14 Mar 2009

Orthodox Jews urged to report abuse cases

Winston-Salem Journal March 14, 2009


NEW YORK - In the wake of the sex-abuse scandal that rocked the Catholic Church, members of other faiths began reconsidering how they handle allegations against clergy, teachers and youth leaders. For Orthodox Jews, whose communal life is shaped by religious courts and a desire to avoid bad publicity, abuse often went unreported -- a situation that has slowly started to change -- much to Rabbi Yosef Blau's relief.
Blau, 70, Yeshiva University's spiritual adviser, has worked with The Awareness Center, a Jewish coalition against sexual abuse. He spoke about recent allegations against several Brooklyn rabbis, and the community's struggles to understand that such matters require outside investigators.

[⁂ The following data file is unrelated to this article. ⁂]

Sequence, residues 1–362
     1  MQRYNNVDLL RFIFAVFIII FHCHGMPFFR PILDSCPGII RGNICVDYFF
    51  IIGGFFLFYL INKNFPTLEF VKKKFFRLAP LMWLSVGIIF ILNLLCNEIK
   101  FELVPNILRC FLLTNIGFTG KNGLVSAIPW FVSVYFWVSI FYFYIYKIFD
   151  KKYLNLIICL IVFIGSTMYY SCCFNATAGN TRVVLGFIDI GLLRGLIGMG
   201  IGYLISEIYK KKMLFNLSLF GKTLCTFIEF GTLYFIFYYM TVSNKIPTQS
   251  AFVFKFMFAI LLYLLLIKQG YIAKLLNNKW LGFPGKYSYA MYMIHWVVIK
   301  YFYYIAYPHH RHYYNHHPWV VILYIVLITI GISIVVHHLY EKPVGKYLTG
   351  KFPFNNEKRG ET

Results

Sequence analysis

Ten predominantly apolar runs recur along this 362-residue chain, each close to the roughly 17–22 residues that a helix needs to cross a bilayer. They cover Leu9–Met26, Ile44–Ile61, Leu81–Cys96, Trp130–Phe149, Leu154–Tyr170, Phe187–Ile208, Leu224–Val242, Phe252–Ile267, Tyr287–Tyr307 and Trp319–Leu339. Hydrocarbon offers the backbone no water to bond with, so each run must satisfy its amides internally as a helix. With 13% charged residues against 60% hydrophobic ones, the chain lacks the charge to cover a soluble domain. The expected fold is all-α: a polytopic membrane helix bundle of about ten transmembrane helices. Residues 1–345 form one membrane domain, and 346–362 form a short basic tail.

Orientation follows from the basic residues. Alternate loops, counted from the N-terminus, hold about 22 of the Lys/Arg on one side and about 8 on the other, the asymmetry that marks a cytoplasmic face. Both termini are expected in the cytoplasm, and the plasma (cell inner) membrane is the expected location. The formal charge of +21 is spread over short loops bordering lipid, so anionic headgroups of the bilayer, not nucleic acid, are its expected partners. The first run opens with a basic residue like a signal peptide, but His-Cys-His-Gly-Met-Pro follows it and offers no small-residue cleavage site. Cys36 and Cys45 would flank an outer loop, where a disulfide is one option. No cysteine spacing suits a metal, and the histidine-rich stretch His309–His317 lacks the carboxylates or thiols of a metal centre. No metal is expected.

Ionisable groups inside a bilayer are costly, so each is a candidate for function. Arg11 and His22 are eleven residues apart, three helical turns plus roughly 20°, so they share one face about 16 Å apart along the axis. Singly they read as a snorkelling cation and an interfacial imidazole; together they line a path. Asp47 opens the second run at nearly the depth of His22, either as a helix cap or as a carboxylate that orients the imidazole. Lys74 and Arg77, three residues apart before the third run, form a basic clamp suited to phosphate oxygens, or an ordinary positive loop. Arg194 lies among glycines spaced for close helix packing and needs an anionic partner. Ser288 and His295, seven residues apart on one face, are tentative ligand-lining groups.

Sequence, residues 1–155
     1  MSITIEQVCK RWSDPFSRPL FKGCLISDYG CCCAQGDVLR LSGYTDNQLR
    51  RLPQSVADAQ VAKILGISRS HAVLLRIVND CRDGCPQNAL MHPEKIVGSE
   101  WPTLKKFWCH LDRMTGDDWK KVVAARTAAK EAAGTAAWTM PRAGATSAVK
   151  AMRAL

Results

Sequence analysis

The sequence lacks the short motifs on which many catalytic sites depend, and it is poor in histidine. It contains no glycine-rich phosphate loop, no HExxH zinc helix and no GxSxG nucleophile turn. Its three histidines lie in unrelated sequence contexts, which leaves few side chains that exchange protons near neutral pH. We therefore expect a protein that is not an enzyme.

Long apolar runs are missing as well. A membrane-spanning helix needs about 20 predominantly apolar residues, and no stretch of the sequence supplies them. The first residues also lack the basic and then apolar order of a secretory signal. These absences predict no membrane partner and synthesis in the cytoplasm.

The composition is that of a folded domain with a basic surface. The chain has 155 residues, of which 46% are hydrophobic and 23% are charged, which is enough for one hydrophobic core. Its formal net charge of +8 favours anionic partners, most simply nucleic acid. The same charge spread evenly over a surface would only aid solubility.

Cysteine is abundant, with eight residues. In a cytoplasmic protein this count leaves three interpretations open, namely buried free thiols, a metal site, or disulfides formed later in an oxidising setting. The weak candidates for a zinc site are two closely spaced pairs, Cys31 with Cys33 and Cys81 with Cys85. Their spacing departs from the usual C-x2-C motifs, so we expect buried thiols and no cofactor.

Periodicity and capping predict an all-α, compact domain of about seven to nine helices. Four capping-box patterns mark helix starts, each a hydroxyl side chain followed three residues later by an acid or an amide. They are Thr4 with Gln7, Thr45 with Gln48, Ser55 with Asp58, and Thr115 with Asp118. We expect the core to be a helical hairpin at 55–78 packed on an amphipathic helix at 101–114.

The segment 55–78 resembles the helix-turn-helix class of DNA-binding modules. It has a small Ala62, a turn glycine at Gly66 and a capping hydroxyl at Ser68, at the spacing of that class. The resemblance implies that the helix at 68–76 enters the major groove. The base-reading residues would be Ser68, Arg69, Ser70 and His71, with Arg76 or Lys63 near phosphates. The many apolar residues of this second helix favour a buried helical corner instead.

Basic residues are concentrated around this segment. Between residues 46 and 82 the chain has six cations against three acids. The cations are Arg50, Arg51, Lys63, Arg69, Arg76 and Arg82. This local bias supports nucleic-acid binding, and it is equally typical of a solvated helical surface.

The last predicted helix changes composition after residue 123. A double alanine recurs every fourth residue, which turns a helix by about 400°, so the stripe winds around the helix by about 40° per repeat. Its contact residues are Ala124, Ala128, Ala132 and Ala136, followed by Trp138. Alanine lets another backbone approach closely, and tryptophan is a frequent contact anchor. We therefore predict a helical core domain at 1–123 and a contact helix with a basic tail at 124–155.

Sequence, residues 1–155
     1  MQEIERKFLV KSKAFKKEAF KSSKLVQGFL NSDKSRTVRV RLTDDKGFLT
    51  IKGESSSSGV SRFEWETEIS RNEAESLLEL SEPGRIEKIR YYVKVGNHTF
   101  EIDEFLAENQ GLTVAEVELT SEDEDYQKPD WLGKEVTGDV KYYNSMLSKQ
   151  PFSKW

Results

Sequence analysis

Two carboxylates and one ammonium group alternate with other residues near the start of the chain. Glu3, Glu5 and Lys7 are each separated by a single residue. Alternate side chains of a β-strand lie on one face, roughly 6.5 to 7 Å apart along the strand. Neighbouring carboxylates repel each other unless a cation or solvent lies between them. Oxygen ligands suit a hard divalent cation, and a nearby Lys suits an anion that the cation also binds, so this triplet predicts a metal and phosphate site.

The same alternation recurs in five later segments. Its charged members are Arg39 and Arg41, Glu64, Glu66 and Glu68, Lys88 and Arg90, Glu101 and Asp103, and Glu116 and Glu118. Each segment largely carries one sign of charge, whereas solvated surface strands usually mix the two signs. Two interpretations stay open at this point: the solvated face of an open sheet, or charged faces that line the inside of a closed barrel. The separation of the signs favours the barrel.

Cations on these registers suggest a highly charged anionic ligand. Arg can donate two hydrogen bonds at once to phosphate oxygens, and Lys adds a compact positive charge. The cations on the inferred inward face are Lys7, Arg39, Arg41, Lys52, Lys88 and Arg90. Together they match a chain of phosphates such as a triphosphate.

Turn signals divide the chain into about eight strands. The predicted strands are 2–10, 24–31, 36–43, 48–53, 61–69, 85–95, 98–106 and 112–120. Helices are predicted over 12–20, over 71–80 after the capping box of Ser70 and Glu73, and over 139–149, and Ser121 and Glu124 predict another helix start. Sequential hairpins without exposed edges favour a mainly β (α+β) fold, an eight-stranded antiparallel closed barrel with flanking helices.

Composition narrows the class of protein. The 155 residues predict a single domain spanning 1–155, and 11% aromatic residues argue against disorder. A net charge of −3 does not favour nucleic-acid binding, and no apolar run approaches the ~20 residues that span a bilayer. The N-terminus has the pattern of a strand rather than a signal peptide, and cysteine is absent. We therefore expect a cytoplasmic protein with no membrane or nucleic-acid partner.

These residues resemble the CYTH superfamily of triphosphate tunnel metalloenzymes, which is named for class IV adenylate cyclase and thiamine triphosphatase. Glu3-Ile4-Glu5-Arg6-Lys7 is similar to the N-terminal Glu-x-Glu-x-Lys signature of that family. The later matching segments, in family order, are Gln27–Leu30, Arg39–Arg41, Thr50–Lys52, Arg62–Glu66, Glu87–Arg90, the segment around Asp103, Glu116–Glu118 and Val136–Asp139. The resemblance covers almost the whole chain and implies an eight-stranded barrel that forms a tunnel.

Some answers have been edited for length and clarity.
Q. How did you become an advocate for Jewish sex-abuse victims?
A. About 20 years ago, Rabbi Baruch Lanner, a very successful head of an Orthodox youth movement, was accused of misconduct. The community set up a rabbinical court, and I was one of the people chosen to be on it. It was a disaster.
Q. How would you have handled the situation now?
A. I would go to the appropriate state authorities and the police and give support to the victims. But this is still not a community that thinks of going to the police. There's a history around the world of anti-Semitism, so Jews learned not to trust the secular authorities. It became taboo to report on problems to the outside world.
Q: What more needs to be done?
A. Our obligation is to protect children. The leadership must acknowledge the seriousness of the problem, and the community must encourage victims to go to the secular authorities and stop stigmatizing them. We have to find a way of breaking the taboo, and that is the process that's going on.
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